Keeping up with - or getting ahead of - industry trends is the best way to maintain a competitive edge in a crowded landscape. Especially in the millisecond economy where consumer tolerance for poor digital experience is low; we all prefer businesses that give us what we want without hassle and delay.
What’s in store for 2023 in location intelligence and how will this impact businesses around the world? Well, we’ve sat down with global experts to get their insights to find out.
So, sit back and relax as we round up five predictions for what will shake up the location intelligence industry this year.
Next day delivery is 23 hours too long
The rapid delivery trend, where an order gets fulfilled very quickly after it’s placed, has exploded. Turkish rapid delivery start-up Getir for example was valued at $12billion this year, having grown its business to operate in over 80 cities globally.
This trend massively took off during the pandemic as home-bound shoppers required delivery for more goods than ever. Now, it’s not just takeaways that consumers can order and receive within an hour, but they can do the same with full grocery shops and clothes. Shoppers can even order a lipstick for a night out the same evening, with Space NK offering a two-hour delivery after purchase.
As rapid delivery continues to grow in 2023, we will see a critical change in consumer sentiment. Rapid delivery will move from being perceived as ‘unexpectedly delightful’ to the ‘expected norm’, a by-product of the increasing number of adopters as these services penetrate a wider audience.
Retailers need to be prepared for this change and understand this service will no longer be a point of differentiation but instead a consumer demand. As such, businesses need to invest the right technology, including accurate location intelligence data such as address verification and geo-fencing, as well as the required infrastructure, like dark-stores and couriers, to deploy and maintain a successful rapid delivery service or risk falling behind to competitors.
An evolution of the front-and back-end parts of the payment system
Open Banking, technology that allows third-party providers to access financial data through APIs enabling secure interoperability in the financial industry, is reshaping the global financial services ecosystem. As the payment landscape continues to evolve, both consumers and businesses worldwide are being exposed to new, frictionless, fintech-powered payment options. As a result, this has caused a ripple effect on the entire financial services industry forcing mass disruption and innovation.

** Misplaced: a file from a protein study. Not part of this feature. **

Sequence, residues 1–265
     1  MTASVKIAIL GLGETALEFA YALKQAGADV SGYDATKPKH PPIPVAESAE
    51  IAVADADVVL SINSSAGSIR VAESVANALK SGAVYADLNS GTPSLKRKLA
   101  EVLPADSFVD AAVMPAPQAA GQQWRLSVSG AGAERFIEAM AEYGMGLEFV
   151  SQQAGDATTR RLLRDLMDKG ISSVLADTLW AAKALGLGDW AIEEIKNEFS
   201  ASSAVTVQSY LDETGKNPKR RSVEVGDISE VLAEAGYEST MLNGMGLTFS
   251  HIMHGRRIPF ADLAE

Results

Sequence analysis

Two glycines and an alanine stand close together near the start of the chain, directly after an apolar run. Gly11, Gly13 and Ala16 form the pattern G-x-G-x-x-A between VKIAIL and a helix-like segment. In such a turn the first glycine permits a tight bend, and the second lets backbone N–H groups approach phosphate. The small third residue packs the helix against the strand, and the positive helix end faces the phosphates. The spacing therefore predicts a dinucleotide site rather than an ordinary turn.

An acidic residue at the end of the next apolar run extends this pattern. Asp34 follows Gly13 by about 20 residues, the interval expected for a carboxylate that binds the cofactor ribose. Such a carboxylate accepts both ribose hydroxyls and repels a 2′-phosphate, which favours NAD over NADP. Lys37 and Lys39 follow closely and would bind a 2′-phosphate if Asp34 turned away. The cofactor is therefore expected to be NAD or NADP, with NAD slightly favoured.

Globalisation is the driving force behind change, but the financial industry has not kept pace with the shift to a global economy. The growth in cross border peer-to-peer (P2P), business-to-consumer (B2C) and business-to-business (B2B) transactions will continue to expose vulnerabilities built into traditional payment infrastructure. Today’s entrenched financial services companies will undergo dramatic transformation to keep pace, while at the same time fintechs and neo-banks will continue to disrupt. With this, expect to see a dramatic growth in embedded finance within non-financial offerings – where the financial and fraud experience (FX) is integrated in the customer experience (CX). Businesses that seamlessly integrate identity, fraud and payment experiences will have a competitive edge in 2023.
In turn, this will impact how location data is leveraged. Most existing payment products are developed on a country-by-country basis with data exchanges agreed and built between governments, banks, and financial institutions. Currently, most of these solutions are limited to US, Canada, and UK address data. This year, we will see greater investments from businesses in global location verification solutions related to payment transactions as part of a growing cross-border commerce strategy. With the pace of innovation in the payments landscape, this will very quickly move from a nice-to-have to a must-have.